Texas Gov. Rick Perry recognizes that a crisis is a terrible thing to waste. Tuesday, wearing his smart glasses, his hands chopping the air, he called out the National Guard to go to the border to deal with the influx of more than 50,000 children crossing into the U.S. illegally.
It is often said, believed and undoubtedly right that the Republicans' ace in midterm elections is apathetic Democrats not showing up at the polls. But that once-predictable waltz into November is threatened by blabbermouths of the right seeking self-aggrandizement by hurling darts at the sleeping Democratic bear.
Fifty Julys ago, up the road near San Francisco, in the unfortunately named Cow Palace, the Republican National Convention gave its presidential nomination to Arizona Sen. Barry Goldwater, who knew he would lose: Americans were not going to have a third president in 14 months. His agenda, however, was to change his party's national brand.
It was one of those important-but-dull Senate hearings that don't get broadcast even on C-SPAN 3. An obscure subcommittee was taking expert testimony on patient safety last week, and only four of its 14 members bothered to show up. Several of the public seats were empty, too.
The bodies and debris that rained from the Ukrainian sky offer a cautionary lesson about the danger of giving heavy weapons to non-state actors. I hope the hawks who wanted President Barack Obama to ship anti-aircraft missiles to the Syrian rebels are paying attention.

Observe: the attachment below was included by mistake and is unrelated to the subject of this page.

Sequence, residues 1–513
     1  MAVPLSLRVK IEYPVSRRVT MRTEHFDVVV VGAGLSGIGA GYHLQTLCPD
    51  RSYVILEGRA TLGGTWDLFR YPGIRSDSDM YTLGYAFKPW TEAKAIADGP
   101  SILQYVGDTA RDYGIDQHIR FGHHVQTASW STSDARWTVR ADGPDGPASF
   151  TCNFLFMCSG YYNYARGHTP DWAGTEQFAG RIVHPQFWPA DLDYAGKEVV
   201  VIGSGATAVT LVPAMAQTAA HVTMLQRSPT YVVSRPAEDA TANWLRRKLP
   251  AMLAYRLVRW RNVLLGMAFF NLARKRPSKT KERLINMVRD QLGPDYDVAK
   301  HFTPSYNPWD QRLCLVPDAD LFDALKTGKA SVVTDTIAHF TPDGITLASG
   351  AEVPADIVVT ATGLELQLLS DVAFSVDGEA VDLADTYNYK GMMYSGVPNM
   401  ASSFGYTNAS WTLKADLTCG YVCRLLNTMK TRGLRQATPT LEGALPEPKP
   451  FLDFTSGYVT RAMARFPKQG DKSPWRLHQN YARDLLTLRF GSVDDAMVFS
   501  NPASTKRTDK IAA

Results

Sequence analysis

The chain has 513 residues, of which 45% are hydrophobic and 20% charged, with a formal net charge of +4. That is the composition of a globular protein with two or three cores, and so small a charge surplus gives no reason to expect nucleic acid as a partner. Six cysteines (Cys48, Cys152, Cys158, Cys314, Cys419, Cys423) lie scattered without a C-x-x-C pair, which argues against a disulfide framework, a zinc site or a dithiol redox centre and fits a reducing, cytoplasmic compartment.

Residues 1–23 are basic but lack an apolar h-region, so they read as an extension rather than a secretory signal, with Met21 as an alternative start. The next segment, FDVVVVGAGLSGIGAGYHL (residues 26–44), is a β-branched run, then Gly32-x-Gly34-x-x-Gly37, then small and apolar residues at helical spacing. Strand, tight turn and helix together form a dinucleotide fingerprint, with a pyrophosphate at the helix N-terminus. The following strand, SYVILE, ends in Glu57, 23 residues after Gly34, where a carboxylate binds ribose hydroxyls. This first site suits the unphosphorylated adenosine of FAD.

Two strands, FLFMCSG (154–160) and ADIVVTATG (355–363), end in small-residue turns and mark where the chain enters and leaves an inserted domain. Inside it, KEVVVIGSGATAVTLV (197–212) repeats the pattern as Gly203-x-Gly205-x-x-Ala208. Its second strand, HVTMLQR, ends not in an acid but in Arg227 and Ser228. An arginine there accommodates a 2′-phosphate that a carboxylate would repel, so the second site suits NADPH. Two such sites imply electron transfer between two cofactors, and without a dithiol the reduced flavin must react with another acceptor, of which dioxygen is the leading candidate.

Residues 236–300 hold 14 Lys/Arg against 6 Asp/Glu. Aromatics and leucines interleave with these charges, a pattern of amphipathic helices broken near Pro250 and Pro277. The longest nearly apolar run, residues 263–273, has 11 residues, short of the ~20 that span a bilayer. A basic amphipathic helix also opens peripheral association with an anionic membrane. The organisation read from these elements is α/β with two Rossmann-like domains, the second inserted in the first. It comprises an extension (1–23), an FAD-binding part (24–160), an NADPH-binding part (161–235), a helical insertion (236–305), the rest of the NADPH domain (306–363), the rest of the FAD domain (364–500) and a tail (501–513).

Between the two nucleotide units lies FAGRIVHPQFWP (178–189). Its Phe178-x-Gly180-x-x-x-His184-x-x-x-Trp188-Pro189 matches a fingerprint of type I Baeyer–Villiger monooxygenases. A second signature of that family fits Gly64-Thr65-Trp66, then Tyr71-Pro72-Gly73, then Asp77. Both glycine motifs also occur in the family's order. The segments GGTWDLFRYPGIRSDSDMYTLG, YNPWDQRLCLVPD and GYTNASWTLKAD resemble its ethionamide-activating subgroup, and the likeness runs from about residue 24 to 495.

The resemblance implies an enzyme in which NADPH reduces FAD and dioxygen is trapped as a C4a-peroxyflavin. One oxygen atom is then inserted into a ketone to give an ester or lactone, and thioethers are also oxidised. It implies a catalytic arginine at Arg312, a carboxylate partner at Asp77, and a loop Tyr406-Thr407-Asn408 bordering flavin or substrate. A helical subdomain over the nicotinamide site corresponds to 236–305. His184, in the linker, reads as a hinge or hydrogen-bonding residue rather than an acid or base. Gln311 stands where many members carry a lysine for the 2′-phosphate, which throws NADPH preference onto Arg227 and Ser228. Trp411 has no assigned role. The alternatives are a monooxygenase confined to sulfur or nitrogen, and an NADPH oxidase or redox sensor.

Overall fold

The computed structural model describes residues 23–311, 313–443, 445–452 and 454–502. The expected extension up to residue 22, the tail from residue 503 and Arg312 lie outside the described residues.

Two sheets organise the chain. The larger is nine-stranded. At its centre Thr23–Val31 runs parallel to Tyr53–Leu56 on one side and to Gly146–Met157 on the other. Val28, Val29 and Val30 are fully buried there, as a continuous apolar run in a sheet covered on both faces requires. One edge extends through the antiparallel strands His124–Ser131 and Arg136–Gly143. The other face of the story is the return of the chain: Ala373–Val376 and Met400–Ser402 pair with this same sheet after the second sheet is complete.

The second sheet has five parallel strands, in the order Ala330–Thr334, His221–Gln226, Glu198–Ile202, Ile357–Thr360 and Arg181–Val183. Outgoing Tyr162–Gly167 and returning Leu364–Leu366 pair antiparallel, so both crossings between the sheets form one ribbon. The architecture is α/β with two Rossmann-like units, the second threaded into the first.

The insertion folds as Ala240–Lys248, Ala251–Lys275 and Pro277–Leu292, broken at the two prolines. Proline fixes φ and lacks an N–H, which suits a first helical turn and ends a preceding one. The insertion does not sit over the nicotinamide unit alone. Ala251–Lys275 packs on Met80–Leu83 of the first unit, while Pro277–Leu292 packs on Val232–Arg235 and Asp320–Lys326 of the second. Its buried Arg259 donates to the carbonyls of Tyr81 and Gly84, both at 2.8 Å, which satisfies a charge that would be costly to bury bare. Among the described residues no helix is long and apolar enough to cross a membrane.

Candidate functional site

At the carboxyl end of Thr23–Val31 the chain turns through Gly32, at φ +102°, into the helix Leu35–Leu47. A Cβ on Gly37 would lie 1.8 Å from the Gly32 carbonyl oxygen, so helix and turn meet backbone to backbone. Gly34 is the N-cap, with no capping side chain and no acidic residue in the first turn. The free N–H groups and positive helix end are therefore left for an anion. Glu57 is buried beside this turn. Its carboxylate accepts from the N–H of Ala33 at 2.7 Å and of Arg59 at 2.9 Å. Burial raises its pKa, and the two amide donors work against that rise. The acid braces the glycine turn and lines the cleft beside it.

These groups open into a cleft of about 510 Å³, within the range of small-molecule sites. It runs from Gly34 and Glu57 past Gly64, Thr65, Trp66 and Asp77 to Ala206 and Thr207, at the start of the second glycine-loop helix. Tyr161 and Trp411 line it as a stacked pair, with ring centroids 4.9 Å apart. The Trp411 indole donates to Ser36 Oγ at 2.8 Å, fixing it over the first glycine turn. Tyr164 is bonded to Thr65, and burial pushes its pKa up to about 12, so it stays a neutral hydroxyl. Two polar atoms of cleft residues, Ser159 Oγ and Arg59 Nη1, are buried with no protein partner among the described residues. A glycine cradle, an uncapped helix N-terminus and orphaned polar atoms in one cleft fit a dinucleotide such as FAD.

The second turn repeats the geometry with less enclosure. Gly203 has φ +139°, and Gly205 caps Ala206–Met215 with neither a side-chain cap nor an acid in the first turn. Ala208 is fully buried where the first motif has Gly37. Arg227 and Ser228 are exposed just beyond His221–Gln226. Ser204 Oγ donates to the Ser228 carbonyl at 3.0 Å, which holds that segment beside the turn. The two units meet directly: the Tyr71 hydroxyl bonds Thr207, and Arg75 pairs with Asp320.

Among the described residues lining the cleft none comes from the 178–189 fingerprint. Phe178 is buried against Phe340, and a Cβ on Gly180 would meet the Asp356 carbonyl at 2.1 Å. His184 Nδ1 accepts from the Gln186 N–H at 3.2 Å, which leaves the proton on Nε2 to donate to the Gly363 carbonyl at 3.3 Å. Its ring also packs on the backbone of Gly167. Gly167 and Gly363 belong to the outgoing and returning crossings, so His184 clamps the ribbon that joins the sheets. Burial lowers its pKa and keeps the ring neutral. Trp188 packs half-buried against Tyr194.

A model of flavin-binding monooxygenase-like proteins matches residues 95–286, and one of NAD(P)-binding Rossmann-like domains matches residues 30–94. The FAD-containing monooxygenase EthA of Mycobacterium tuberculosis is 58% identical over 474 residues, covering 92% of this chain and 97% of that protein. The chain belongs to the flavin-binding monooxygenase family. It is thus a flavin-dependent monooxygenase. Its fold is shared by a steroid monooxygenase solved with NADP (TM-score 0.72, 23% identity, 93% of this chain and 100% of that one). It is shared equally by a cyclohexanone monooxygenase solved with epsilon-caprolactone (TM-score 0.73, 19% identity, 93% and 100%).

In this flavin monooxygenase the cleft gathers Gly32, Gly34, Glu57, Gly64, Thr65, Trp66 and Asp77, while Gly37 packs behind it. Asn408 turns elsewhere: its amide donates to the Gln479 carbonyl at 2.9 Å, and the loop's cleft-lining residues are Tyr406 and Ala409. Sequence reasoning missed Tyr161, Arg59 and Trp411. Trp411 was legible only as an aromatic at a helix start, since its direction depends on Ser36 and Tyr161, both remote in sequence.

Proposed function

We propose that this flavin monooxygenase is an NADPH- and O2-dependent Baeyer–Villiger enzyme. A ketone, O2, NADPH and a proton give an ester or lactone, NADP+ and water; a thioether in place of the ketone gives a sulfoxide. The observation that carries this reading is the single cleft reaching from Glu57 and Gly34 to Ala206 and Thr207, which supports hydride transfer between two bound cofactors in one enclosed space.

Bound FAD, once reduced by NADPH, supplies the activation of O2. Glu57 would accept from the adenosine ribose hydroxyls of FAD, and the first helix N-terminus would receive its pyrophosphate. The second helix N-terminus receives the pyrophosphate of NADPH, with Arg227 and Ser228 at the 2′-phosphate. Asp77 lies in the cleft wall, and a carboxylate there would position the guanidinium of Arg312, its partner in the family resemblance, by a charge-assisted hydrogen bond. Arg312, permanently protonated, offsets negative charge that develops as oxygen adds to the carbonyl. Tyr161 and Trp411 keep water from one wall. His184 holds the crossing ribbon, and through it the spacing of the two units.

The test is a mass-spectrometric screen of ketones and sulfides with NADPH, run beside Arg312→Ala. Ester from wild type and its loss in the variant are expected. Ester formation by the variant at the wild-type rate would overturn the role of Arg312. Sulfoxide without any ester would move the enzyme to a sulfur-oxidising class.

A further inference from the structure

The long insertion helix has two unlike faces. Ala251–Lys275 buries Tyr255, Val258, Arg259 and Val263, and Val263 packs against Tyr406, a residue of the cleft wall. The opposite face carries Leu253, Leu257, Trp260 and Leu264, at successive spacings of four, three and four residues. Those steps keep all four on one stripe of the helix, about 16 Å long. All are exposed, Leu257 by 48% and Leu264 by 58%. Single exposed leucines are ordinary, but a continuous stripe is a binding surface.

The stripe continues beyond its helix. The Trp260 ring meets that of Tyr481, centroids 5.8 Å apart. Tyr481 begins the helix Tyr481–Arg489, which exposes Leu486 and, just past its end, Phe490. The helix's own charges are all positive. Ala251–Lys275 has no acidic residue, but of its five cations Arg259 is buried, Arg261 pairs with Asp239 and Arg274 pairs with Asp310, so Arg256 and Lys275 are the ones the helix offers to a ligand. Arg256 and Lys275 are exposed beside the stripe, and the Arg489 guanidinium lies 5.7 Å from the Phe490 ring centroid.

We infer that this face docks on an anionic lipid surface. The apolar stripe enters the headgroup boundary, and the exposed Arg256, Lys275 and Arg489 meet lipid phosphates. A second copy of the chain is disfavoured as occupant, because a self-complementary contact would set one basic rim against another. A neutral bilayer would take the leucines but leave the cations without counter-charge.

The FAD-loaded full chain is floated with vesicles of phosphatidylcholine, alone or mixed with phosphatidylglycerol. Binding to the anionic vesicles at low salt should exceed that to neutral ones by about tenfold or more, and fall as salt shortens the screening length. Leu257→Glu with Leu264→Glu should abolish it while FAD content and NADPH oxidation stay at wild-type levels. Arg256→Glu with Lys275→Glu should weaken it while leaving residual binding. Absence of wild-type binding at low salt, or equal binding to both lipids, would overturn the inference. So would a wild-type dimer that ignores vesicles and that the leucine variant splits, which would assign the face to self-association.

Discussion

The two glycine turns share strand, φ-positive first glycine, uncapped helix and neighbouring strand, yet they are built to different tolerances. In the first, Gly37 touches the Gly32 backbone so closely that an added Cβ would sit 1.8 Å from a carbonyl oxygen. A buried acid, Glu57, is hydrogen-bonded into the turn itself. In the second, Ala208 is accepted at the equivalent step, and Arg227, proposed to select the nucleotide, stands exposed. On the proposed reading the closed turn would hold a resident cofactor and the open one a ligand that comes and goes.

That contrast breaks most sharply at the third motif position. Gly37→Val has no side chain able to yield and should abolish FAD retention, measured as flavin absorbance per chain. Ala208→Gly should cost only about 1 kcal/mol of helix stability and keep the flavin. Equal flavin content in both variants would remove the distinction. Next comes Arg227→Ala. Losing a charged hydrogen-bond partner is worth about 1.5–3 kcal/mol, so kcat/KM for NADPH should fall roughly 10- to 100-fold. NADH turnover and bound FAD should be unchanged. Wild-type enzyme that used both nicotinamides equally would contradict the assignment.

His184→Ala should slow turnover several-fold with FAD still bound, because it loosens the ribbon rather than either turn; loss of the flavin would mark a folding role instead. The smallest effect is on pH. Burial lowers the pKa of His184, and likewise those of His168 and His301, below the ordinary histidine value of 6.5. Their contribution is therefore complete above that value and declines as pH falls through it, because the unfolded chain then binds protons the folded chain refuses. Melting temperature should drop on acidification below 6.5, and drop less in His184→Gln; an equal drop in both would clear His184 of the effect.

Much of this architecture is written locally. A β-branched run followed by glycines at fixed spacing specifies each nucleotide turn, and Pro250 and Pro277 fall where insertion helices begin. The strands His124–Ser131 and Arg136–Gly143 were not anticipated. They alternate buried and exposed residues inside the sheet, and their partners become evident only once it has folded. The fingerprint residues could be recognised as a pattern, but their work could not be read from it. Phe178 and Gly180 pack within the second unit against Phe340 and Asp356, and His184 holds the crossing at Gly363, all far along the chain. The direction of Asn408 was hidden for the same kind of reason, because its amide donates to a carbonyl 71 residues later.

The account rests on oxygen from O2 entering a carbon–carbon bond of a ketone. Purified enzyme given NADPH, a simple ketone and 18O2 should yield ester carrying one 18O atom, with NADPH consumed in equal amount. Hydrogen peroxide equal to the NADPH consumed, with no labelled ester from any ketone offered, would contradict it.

My family attended the first morning screening of "Dawn of the Planet of the Apes," which won its opening weekend's box office with a $73 million debut. According to Lucas Shaw's recent article "Hispanic Women Are This Summer's Most Avid Moviegoers" on the entertainment news site TheWrap, we are propping up the movie industry.
In a recent confrontation between protesters against the illegal flood of unaccompanied children into the United States and counter-protests by a Hispanic group, one man from the latter group said angrily, "We are as good as you are!"
The news that Google executive Forrest Hayes died on a yacht after being injected with heroin by a "date" he met on a website that connects "sugar daddies" with "sugar babies" has prompted not only charges against the woman, 26-year-old Alix Tichelman, and an investigation of a similar death (ruled accidental) involving Tichelman in 2013, but also questions about the website that brought the husband and father into contact with the woman who literally killed him.
On behalf of all liberals — living and dead — I'd like to apologize to Adam Bellow. In 1976, Bellow was at a Michigan State University writing workshop when a radical feminist publicly rebuked him for saying she had "balls." He says he meant that as a compliment.